MINERvA took data on neutrino interactions with carbon, iron and lead nuclei. We compared these data to a theoretical model that assumes the nuclear effects for both neutrino and electron interactions are the same.

We found that the data did not agree with the assumption in the lowest Bjorken-x values (0.1 to 0.2 — see figures) for lead. Further, the cross section for lead at those values differs significantly from those for carbon or iron. We say that the nuclear effect is enhanced in that region for lead.

This enhancement was seen in a previous MINERvA inclusive analysis that considered all kinds of interactions together — without singling out deep inelastic scattering.

In contrast, the model in the largest Bjorken-x range (0.4 to 0.75) agrees very well with data. This is intriguing, since the cause of nuclear effects in this region is not well understood. Whatever underlying physics governs behavior in this region, it appears to be the same for neutrinos and electrons.

This information is very valuable in building new models of this mysterious effect. Understanding these effects are a priority for MINERvA and will be studied more extensively using data we are currently collecting, taken at higher energies and higher statistics. This data will be invaluable in resolving the theoretical puzzles at large and small Bjorken-x.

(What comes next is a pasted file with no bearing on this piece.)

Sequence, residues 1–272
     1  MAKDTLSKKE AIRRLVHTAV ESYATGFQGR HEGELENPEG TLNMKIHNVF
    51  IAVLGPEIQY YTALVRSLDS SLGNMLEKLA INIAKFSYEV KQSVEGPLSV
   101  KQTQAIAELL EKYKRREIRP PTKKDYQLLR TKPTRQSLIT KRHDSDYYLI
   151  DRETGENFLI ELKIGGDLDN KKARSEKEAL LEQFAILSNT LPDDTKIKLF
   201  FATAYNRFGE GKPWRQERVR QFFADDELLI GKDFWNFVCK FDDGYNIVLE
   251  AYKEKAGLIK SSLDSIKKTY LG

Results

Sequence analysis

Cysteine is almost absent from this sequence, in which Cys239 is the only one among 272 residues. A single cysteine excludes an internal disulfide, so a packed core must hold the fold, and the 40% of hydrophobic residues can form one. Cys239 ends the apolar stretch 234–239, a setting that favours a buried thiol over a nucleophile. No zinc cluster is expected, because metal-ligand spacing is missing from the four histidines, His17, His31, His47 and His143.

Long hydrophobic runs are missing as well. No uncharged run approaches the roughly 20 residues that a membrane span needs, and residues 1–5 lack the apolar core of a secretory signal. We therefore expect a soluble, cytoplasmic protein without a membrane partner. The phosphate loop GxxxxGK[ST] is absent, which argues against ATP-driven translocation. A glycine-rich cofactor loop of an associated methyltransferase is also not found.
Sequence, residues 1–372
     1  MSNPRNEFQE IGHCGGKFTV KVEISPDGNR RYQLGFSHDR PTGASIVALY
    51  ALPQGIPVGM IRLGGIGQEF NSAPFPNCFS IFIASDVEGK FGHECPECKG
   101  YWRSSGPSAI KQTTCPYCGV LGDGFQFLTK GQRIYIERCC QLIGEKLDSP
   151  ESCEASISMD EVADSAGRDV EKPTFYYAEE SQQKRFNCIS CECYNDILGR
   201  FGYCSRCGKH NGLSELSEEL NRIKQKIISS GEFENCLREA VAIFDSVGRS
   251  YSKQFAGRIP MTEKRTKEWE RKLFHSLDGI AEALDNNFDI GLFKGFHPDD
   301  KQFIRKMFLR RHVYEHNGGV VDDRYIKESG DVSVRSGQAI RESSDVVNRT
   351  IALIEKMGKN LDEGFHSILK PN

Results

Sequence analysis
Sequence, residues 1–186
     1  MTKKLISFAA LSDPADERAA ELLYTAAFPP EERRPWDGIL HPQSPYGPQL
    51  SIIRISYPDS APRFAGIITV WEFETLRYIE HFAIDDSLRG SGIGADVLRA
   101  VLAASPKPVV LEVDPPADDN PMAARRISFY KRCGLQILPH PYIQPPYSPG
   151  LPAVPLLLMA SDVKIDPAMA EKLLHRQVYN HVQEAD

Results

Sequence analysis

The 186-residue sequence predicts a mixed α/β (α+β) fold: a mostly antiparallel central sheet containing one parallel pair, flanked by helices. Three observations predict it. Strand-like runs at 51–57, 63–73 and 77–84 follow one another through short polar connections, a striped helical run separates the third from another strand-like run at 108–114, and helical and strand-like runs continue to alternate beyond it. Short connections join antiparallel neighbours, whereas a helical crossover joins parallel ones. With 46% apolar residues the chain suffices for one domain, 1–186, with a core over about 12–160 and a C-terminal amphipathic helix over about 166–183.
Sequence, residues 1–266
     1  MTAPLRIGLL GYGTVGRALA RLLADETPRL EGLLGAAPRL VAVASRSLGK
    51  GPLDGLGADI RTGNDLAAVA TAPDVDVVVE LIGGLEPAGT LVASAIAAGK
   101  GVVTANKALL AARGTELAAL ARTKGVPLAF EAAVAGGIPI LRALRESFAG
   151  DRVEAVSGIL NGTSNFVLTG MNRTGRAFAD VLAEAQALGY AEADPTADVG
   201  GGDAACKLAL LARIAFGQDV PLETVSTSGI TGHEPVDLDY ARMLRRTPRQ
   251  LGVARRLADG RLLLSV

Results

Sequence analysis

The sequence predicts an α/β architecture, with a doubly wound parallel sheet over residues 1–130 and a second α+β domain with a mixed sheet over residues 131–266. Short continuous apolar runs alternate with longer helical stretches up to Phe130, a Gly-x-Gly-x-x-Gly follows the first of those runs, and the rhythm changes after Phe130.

Joel Mousseau, University of Florida

These results were presented by the author at a recent Joint Experimental-Theoretical Physics Seminar. Mousseau's presentation is available online.
Joel Mousseau of the University of Florida presented this result at a recent Joint Experimental-Theoretical Physics Seminar.

In the News

The cosmos and dark matter

From Hark!, July 8, 2015

Space. The Origins of the Universe. Black Holes. Dark Matter. It's seemingly impossible to tire of discussing the timeless question of how we got here. Sometimes we tackle this topic from a spiritual viewpoint, or we entertain a metaphysical talk. But more likely we turn to our friends in academia, specifically those who study cosmology.

Two of the leading scientists on cosmology and dark matter, in particular, are Drs. Michael Turner (who coined the term) and Don Lincoln, both affiliated with Fermilab. Turner has long been the head of Kavli Institute for Cosmological Physics at the University of Chicago. Lincoln is a guest professor of high energy physics at Notre Dame in addition to his regular post as a senior physicist at Fermilab and also work on the Large Hadron Collider at Cern, on which he's written another fantastic book.